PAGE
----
# How many ways? #1 (3-digit numbers)

May 18, 2006 pm31 1:28 pm

Today's question is not supposed to be a real poser: How many three digit numbers are there?

The **question about the question** is more interesting: How many different ways (different methods) can we find that lead to the answer?

6 Comments
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I can only think of two general classes of methods.

1. combinatorics: 9*10*10 = 900

2. counting: 999-99 = 900 (largest 3-digit number minus smallest) or 9*100 = 900 (100 numbers in each of nine centuries)

Are there other ways?

In the big picture sense, there are the two you named, and one you didn’t, but… I’d count your response as three (inside parentheses).

The word “different” is open to interpretation, open enough that I have had classes claim four or five methods. I’ll come back with some in couple of days.

When I said “largest 3-digit number minus smallest” I should have been more clear. I intended something like “largest 3-digit number minus the number of less-than-3-digit numbers” or maybe “largest 3-digit number minus largest 2-digit number”.

I suppose that it is possible to generate more “different” methods if you allow them to become more contraptionary . For example, you could use combinatorics but allow the possibility of zero in the first digit place and then subtract the number of first-digit-is-zero numbers: (10*10*10) – (1*10*10) = 900. But I’m curious to hear about another general class of solutions to this kind of problem!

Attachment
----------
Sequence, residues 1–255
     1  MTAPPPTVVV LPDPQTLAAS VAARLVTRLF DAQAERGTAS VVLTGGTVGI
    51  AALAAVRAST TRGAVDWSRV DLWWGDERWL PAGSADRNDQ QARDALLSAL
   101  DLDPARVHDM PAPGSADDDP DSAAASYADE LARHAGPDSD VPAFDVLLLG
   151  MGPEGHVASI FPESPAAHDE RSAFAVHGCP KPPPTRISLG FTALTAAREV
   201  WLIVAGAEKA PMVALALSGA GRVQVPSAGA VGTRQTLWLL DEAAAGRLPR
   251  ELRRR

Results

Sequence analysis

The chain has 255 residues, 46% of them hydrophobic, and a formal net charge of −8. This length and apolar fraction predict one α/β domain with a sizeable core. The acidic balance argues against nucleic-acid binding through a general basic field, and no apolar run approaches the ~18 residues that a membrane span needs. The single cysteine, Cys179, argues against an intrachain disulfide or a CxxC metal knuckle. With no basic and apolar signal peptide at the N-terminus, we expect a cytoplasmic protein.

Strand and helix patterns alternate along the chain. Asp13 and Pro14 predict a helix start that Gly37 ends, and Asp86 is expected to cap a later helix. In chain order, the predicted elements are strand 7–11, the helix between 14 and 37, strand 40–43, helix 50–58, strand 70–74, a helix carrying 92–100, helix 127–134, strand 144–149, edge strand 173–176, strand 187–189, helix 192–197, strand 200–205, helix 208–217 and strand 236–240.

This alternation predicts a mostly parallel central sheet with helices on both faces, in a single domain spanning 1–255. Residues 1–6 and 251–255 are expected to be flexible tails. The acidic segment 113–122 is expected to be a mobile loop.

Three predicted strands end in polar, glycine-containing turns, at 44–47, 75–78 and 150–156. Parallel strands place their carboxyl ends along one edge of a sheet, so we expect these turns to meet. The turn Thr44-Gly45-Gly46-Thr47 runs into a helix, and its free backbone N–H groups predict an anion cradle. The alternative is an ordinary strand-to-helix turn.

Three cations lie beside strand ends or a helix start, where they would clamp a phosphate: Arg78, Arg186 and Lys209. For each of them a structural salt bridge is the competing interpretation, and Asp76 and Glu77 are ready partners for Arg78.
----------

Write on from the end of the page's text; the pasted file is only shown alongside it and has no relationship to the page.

One method that school children use is to generate a pattern:

Digits Numbers

1 9

2 90

3 N

Of course they need to go back and verify.

How many three digit combinations are there using 1,2,3,4,5,6,7,8,9,0. Any combo like 549, 769, 444 etc. Also using 0 as the first digit.

Like a license plate 250 JOS?

Thanks I would appriciate your input.

Annemarie

Tell you what, you can figure this out fairly easily.

What if only 0 and 1 were allowed? Could you make a list of all the possibilities? I bet you could. And you would quickly see where the answer came from.

The neat part is next. You could reapply what you just figured out (yourself) and solve the problem (yourself). People are often amazed by how much “hard” math they can do.

Good luck, and write back if you get stuck.